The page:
Falling Leaves: the Ardes blog

Archives filed under "Personal"


Ray Drainville

Leonard Nimoy, who played Mr Spock in the original Star Trek series, has died.

How strange it is to mourn the passing of an actor because of the character he developed. But how much less strange it is when the character meant a lot to you as a child. Nimoy himself struggled with his strong association with Spock, but he eventually recognised that he became a true icon of pop culture. It’s a sad, and yet inevitable, day.

Great Book

Ray Drainville

I’ve just finished Mark Forsyth’s great book The Elements of Eloquence, a run-down of rhetorical tricks that have been taught, and used, for millennia. Under “Hyperbaton”, he writes about the 7-year-old JRR Tolkien, who wrote a story about a “great green dragon”. His mother explained that this couldn’t be, and he was so disheartened that the didn’t write another story for years (for which we are all thankful).

Why is it impossible? “Great” cannot be before “green”, it must come after. In fact, I had to read the example three times before my brain stopped putting the words in their “correct” order.

The reason for [the] mistake, since you ask, is that adjectives in English absolutely have to be in this order: opinion-size-age-shape-colour-origin-material-purpose Noun. So you can have a lovely little old rectangular green French silver whittling knife. But if you mess with that word order in the slightest you’ll sound like a maniac.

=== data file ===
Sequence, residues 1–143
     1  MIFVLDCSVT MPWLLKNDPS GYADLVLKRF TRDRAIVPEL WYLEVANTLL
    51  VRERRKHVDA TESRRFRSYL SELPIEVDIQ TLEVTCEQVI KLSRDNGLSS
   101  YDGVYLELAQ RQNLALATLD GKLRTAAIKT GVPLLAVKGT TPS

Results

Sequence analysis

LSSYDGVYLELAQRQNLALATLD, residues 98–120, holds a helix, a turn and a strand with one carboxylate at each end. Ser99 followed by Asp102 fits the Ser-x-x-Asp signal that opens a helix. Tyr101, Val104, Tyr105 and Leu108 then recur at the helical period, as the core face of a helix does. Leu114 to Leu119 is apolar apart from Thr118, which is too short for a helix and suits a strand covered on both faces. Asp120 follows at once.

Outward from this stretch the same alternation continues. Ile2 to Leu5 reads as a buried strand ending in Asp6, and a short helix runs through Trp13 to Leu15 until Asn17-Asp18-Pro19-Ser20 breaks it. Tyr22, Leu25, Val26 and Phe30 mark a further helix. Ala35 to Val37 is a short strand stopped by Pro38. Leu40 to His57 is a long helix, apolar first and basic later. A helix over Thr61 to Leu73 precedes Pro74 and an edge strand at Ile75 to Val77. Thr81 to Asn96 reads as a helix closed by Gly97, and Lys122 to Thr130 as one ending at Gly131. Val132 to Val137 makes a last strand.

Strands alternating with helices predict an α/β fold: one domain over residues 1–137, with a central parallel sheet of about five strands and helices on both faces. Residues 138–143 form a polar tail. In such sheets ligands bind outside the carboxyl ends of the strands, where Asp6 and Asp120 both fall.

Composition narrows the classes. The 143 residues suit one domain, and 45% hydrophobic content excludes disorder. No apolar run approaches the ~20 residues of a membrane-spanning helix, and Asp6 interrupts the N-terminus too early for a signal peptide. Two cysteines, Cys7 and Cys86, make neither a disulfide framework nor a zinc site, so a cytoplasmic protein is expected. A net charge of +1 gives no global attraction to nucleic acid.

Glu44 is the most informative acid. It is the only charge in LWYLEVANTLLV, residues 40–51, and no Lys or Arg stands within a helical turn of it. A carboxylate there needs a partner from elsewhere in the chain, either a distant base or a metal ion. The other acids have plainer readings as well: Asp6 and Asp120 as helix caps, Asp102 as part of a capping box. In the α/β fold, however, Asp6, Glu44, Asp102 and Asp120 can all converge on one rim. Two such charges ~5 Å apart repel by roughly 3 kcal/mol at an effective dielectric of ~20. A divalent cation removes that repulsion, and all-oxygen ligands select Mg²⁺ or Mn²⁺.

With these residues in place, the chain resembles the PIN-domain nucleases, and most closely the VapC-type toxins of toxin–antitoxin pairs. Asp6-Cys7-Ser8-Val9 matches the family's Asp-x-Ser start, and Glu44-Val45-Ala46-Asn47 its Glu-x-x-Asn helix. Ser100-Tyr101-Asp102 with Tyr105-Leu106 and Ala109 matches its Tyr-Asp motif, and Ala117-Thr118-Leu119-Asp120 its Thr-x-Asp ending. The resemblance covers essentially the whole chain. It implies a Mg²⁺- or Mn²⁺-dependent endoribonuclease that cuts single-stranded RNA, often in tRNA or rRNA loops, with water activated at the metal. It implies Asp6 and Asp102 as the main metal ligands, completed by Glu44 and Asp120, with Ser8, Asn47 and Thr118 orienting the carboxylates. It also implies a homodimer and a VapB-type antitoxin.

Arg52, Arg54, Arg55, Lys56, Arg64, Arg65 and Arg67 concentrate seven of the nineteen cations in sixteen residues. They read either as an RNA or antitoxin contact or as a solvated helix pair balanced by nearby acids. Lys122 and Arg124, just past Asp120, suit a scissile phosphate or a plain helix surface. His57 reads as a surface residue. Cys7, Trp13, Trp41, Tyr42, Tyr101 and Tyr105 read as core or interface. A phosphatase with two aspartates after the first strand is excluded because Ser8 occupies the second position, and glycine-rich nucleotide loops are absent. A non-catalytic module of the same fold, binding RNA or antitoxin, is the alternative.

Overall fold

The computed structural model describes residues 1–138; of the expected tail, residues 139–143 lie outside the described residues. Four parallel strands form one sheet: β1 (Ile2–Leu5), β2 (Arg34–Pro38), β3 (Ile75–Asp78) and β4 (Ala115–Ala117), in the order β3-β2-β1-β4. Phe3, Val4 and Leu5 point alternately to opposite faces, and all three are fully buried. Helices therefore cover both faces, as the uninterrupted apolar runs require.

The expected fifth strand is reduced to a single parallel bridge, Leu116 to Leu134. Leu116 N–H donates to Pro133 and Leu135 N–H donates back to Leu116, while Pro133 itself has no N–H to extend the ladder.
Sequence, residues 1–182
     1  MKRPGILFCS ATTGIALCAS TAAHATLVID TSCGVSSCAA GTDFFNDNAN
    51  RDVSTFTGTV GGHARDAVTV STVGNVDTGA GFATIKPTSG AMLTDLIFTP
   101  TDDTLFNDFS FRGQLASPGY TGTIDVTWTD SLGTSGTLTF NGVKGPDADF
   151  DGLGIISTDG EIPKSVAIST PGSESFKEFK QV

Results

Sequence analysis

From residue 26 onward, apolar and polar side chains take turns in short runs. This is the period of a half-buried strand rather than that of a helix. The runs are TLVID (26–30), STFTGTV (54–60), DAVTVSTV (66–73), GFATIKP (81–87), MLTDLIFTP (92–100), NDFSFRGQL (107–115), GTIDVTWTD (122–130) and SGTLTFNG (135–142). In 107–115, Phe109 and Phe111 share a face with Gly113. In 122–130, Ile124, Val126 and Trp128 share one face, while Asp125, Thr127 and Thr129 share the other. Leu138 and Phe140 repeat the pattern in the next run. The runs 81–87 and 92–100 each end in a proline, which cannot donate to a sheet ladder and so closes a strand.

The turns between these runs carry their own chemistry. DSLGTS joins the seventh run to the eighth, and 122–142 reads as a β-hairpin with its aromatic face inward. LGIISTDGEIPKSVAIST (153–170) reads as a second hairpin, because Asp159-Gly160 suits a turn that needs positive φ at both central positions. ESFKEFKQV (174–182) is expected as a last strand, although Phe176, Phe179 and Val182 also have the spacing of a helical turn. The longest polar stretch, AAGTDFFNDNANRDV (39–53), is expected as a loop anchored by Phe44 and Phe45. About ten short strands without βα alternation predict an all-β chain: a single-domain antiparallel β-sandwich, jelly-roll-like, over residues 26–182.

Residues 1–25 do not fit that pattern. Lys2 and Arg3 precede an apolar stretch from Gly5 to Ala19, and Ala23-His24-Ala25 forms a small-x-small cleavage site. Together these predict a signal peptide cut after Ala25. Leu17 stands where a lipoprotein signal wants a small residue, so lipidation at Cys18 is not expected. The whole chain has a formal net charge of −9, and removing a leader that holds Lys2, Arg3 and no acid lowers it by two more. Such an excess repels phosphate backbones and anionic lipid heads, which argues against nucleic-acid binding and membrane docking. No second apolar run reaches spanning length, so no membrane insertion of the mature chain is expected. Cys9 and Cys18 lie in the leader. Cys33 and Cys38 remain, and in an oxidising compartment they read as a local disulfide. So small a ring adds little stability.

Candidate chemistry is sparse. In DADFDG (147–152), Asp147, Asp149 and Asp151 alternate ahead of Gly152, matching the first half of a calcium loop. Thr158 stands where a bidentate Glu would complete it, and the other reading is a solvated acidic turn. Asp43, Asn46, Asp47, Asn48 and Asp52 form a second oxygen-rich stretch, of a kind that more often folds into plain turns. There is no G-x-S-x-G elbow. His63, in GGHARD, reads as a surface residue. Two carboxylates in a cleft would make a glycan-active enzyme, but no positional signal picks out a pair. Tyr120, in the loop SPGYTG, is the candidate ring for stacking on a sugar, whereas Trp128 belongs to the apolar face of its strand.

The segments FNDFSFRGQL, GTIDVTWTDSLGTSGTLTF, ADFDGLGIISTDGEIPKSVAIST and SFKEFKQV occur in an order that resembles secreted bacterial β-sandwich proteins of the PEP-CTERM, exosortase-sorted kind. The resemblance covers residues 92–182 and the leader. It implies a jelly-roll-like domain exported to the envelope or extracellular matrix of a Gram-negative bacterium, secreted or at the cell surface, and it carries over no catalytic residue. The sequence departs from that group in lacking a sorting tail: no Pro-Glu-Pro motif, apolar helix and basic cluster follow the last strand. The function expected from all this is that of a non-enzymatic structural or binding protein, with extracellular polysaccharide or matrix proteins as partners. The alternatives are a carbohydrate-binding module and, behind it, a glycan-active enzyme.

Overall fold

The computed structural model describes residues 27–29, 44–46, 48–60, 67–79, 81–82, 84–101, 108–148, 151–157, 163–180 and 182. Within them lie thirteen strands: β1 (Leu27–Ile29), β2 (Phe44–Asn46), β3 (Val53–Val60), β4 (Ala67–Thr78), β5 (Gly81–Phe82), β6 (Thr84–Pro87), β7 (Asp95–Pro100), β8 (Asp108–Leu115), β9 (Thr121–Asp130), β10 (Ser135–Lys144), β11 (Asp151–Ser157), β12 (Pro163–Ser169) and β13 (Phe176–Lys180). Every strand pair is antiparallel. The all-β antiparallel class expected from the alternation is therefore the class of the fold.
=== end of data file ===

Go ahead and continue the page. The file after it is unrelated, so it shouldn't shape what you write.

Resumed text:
The mind crackles. I love discovering new things. This book is highly recommended.

NYC 1981

Ray Drainville

A new documentary on New York in the year 1981: “A Most Violent Year” (see the trailer, below). I used to go into the city a lot in the 80s: it was insane, feral, abrasive, and I loved it. I looked forward to every imminent visit. I look forward to seeing this. It’s funny how one can feel nostalgia for the madhouse.

Riding Light

Ray Drainville

TL;DR: Warp 1 sucks.

On Earth, the speed of light seems incredibly quick. It’s actually quite slow in the larger scheme of things. This video has you travel with a photon in real time to each planet until you get to Jupiter. I dare you to get to Mercury, the innermost planet to the Sun, before you start skipping ahead.

I think the accompanying soundtrack does a splendid job setting you up for an exciting journey, but this urgency is wonderfully undermined by reality.